Pete and Maura Kennedy met at the Continental Club in Austin
Texas. In the
dark confines of this roots rock sanctuary, they hit it off immediately.
twenty-four hours, they had written their first song, "Day
In and Day Out".
Pete was playing lead guitar with Nanci Griffith, and he left
town for a gig in
Telluride, Colorado, a thousand miles northwest of Austin. After
they spoke on the phone and agreed to meet at the equidistant
Texas. They each drove five hundred miles to celebrate their first
date at Buddy
Holly's grave, in the windy west Texan cotton town.
There was more cause for celebration when Maura joined Ms. Griffith's
and they set out on an extended tour of the British Isles, opening
over England, Ireland, and Scotland. In a dusty little dressing
room on the top
floor of Dublin's Olympia theatre, they penned the songs that
their first CD, "River of Fallen Stars". The CD was
awarded the "Indie" award in
1995 for "Best Adult Contemporary CD" by the National
Independent Record Distributors.
In 1995, the duo hit the road to record their second CD, the
is Large", which wove their talents with those of guests
Steve Earle, Kelly
Willis, Nils Lofgrin, Roger McGuinn, and the Dixie Hummingbirds.
nominated once again for the NAIRD Indie award, and the title
track became their
signature song. Their third CD, Angel Fire, was a largely acoustic,
collection. The following CD, Evolver, was a big, rocking set
the power pop "Pick You Up". In 2001, they released
"Positively Live!" a live
album that captured the blistering guitar jams and rocking vibe
that set them
apart from other acoustic acts.
Even though their name is Kennedy, they don't play Irish music,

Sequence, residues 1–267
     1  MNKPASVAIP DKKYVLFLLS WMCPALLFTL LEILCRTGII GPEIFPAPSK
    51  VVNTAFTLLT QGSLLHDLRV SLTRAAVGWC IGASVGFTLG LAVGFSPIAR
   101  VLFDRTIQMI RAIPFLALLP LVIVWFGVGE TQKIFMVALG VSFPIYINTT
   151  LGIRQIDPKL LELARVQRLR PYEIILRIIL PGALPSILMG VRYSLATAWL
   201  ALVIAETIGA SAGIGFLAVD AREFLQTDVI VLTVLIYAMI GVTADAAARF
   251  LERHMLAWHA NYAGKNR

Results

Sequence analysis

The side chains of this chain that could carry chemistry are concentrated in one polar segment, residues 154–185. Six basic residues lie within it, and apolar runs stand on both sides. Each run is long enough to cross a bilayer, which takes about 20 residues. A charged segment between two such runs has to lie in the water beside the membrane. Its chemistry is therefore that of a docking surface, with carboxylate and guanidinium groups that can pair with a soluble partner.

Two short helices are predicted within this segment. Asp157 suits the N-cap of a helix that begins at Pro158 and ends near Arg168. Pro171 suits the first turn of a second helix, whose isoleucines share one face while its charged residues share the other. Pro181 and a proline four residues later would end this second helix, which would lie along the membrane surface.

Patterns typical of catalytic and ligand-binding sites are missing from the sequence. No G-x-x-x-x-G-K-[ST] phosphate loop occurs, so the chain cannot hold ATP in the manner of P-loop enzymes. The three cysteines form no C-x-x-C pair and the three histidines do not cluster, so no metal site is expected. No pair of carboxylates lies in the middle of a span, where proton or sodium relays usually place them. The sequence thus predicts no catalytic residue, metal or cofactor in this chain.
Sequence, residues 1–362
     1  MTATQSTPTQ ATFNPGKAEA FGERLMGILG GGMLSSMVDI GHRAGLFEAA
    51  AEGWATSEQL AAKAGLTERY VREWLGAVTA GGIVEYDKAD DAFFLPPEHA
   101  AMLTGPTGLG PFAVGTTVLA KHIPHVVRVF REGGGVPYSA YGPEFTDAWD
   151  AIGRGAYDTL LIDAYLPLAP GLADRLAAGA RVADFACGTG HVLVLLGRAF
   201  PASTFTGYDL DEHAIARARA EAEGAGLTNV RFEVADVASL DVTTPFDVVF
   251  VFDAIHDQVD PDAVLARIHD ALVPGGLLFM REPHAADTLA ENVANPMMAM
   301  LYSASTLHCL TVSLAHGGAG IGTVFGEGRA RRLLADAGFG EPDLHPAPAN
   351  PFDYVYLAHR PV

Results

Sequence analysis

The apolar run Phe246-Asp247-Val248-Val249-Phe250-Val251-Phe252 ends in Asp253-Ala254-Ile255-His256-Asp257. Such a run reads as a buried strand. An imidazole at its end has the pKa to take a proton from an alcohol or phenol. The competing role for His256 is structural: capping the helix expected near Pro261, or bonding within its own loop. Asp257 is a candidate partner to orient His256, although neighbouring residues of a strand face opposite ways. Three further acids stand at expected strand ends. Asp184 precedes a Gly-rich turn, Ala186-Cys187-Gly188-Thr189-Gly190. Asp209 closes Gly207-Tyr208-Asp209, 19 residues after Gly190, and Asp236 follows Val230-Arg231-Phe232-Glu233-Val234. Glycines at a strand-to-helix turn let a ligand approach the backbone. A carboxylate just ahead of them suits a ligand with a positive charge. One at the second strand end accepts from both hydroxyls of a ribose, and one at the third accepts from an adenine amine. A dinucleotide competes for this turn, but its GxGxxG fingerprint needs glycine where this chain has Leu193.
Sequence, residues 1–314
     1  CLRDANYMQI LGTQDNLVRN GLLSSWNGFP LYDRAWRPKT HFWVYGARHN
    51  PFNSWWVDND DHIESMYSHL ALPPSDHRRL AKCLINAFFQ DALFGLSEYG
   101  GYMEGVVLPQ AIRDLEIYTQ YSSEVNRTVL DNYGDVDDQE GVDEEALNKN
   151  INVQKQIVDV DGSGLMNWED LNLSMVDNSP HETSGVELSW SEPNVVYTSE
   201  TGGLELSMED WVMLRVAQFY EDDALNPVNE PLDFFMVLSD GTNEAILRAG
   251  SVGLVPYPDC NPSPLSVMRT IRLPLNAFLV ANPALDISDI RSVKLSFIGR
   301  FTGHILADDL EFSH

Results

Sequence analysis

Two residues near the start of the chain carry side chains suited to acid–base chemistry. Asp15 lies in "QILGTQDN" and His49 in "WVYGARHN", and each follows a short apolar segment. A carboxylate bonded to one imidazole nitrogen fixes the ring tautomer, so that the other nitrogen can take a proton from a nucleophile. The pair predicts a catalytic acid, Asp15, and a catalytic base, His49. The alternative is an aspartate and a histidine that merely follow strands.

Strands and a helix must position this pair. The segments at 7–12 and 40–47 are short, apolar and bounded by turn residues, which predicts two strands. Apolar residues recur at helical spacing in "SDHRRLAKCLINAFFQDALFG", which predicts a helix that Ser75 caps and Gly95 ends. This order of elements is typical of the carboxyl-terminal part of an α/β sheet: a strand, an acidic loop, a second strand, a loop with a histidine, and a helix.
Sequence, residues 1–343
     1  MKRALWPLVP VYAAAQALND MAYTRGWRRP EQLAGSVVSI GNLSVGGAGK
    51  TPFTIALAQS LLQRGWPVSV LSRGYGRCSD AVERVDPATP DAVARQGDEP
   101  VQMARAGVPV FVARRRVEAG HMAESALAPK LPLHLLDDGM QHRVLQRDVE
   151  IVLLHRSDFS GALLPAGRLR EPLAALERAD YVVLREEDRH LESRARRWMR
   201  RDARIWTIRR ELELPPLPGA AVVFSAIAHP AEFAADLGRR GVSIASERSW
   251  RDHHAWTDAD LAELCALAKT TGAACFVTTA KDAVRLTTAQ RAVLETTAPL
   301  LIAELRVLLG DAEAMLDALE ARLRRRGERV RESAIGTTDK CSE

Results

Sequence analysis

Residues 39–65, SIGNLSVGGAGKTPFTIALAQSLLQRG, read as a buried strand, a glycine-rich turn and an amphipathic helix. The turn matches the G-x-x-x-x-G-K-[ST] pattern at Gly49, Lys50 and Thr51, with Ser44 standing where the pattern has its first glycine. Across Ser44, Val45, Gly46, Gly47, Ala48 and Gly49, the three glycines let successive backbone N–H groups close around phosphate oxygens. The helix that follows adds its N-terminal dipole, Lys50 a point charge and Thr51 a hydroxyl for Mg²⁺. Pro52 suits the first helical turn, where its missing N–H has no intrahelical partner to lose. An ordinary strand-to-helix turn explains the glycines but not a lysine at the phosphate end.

though they wield acoustic guitars (bright orange Gretsch models),
they don't play
folk. They have loyal followings in both the pure guitar pop camp
singer-songwriter set, and they're known not only as a harmonizing
duo, but also
as collectors of vintage clothes, as independent record and video
and as the authors of a newly published book on music video.
The Kennedys are comfortable in a variety of styles ranging from
to soulful acoustic pop, and they write books and produce videos
not igniting incendiary Gretsch jams, but ultimately it's their
their love for each other, and their unashamedly idealistic pop
vision that has
carved them their own niche onstage and in the world of maverick
The Kennedys new release, Stand, is yet another superb work of
finely crafted pop. Joyful eclectics, The Kennedys salute all
genres past and
present, trampling over musical boundaries in their search for
The first track, "Dharma Café" is an ode to
your favorite boho coffeehouse,
the kind of place where you wrap your hands around a cup of non-corporate
espresso and wait your turn on open mic nite. "Raindrop"
is a road trip to sunshiny
California: it sounds like a lost outtake from "Smile".
The guitars ring like
bells, but if angels dance on the high E string, devils lurk on
the low one.
"Ashes and Sand" and its dark twin, "Don¹t
Hold Your Breath" are moody
ruminations on betrayal and mortality. And have you heard the
news? "Sincere" is back
in the pop music lexicon. There is, in fact, joy in The Kennedys¹
also a measure of pathos. There are, in places, moments of revelation
committed to tape. This is all part of what they do, day in and
day out, and the title
track, "Stand" brings it all home. A call for social,
political, and, above
all, spiritual tolerance, this is as close as pop comes to a new